Chicago Tribune|Retiring Arlington Heights park district director gets salary spike in final years of service

Jared Labell, Executive Director of Taxpayers United of America, was quoted on the recent release of 10th annual Illinois State Pensions Report by Chicago Tribune.

As the Arlington Heights Park District’s executive director retires this week, about $85,000 worth of unused sick and vacation days he had accumulated since his hiring in 2008 have led to a significant salary spike during his final years of service, according to public records obtained from the park district by the Arlington Heights Post.
Retiring executive director Steve Scholten, 62, whose last day on the job is this week, was paid $182,533 in 2014, with his salary rising $32,516 – almost 18 percent – to $215,049 in 2015, officials said.
Scholten also received a six percent raise on Jan. 1, just months after he had alerted the park district’s board of commissioners that he would be retiring on June 30, but officials said most of the recent salary increase can be attributed to the park district paying out on Scholten’s unused sick and vacation days.
As of December 2015, Scholten was paid out half of his vacation and sick time, which was included in his $215,049 wages, said Donna L. Wilson, the park district’s director of finance and personnel.
“Once an employee announces they are retiring, we start paying out right away, so there’s not such a huge hit at the end,” Wilson said.
Since his hiring in 2008, Scholten had accumulated unused vacation days adding up to about $57,000, and unused sick days adding up to about $28,000, Wilson said.
While belt-tightening measures by the park board in 2012 eliminated the policy of allowing employees to be paid for unused sick days for those hired after 2007, Wilson said Scholten had an exception in his contract that allowed him to be exempt from the new provision.
Officials said that the park district’s new executive director, Rick Hanetho, who previously served as executive director of the Northbrook Park District, will have a base salary of $185,000, plus a $625 monthly car allowance, but has no payout provision in his contract for any unused sick days.
Prior to 2012, the park district paid half of an employee’s accumulated sick days up to 90 days, or a maximum of 45 days, Wilson said.
Scholten will have received all of his unused sick leave pay by Thursday, Wilson said.
Scholten’s monthly pension, which will be administered by the Illinois Municipal Retirement Fund, or IMRF, will be roughly 75 percent of the average of his highest annual salary earned over four consecutive years, IMRF spokesman John Krupa said.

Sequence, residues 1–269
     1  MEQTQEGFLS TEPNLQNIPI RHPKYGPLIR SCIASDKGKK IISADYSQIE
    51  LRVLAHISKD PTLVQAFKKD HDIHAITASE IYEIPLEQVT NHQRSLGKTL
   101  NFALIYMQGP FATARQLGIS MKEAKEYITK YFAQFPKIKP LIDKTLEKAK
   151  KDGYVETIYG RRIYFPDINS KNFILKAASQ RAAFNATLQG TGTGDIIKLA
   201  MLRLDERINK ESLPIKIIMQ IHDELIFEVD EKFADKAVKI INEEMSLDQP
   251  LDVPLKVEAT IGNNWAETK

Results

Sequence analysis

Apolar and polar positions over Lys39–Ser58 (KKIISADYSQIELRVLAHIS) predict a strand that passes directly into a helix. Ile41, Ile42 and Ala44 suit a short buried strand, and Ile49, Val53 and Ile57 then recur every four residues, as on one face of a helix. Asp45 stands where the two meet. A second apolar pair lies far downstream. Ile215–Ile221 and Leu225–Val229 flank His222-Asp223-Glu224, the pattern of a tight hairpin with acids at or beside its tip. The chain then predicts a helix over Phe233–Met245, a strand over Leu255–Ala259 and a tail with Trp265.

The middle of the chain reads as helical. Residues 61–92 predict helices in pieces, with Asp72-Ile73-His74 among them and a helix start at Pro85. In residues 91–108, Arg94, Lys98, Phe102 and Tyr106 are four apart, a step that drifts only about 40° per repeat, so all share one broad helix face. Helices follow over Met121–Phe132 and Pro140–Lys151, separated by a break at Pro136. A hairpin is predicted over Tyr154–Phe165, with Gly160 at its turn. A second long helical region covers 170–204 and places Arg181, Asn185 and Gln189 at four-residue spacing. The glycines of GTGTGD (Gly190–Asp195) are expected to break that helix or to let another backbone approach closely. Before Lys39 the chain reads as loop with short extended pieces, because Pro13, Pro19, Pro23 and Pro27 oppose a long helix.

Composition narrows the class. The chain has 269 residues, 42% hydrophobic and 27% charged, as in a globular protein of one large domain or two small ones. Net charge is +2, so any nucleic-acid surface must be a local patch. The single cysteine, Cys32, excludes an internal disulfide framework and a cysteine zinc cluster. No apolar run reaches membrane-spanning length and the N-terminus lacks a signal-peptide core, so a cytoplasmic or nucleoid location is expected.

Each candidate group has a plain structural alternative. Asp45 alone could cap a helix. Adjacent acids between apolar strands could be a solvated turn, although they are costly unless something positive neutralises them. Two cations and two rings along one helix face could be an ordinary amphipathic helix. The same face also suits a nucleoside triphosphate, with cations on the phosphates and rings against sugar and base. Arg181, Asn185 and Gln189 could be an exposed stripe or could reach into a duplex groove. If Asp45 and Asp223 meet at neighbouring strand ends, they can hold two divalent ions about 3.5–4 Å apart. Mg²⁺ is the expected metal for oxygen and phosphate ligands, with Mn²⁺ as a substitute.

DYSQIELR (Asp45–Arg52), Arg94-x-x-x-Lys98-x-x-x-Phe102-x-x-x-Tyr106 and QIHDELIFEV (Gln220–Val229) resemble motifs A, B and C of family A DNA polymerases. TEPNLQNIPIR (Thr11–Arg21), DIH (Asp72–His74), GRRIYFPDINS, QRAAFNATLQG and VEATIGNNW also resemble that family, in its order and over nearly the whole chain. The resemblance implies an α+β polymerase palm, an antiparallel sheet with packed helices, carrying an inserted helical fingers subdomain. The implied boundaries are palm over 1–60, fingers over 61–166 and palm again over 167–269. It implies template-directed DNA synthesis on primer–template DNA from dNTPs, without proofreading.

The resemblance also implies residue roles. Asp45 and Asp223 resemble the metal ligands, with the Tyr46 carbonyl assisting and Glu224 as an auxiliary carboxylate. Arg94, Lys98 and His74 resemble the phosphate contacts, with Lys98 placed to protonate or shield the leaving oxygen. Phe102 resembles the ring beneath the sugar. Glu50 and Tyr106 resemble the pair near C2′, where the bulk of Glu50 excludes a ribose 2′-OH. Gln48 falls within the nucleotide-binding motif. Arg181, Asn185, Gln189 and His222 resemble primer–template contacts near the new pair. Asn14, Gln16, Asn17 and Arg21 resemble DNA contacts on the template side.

In Scholten’s case, since he was employed by several local park districts during his 40 years in parks and recreation prior to being hired in Arlington Heights, including Elk Grove, Medinah, Glen Ellyn and Bloomingdale, Krupa said in addition to Scholten’s employee contributions, the remainder of his pension will be paid by each of the municipalities where he worked.
“It’s shared, and each park district’s liability is proportional to the amount of service credit earned,” Krupa said.
Krupa said it’s neither illegal nor unusual for public employees to “accrue a lot of sick and vacation days, and have a lump sum payment near the end of their employment.”
Indeed, Krupa said IMRF pensions are not contributing to the state’s budget crisis, adding, “IMRF is the best-funded pension system … it’s 87 percent funded.”
“These pensions are not funded by the state of Illinois, and most employers levy a tax for their employees’ IMRF-managed pensions,” said Krupa, adding that while IMRF does administer pensions for retiring executives like Scholten, most of the retirees were earning modest salaries.
“These are blue collar public servants who are not making executive salaries,” Krupa said.
Nonetheless, officials with the Chicago-based nonprofit Taxpayers United of America warned that when public service administrators reap sharp upticks in their wages shortly before retirement, local taxpayers end up picking up the tab for what the organization refers to as “pension spiking.”
“For many retirees in the private sector, they are looking at getting only a Social Security pension of about $15,000 a year,” TUA’s executive director Jared Labell said. “That pales in comparison to these public pensions, especially when you’re facing retirement on a fixed income, and you might not be able to stay in your home, because you can’t afford to pay your property taxes any longer.”
This week, the TUA released the results of its 10th annual Illinois State Pensions Report, which analyzed the IMRF, as well as several other retirement systems, including the Teachers’ Retirement System (TRS) and State Employees’ Retirement System (SERS).
According to the TUA report, the top 400 Illinois pensioners of 2016 will collectively receive $91.5 million in pension payouts this year alone.
“When you look at these huge public pensions, and you look at how much the employee has contributed, the system is lopsided, and it’s left to the local taxpayers to pay the bills,” Labell said.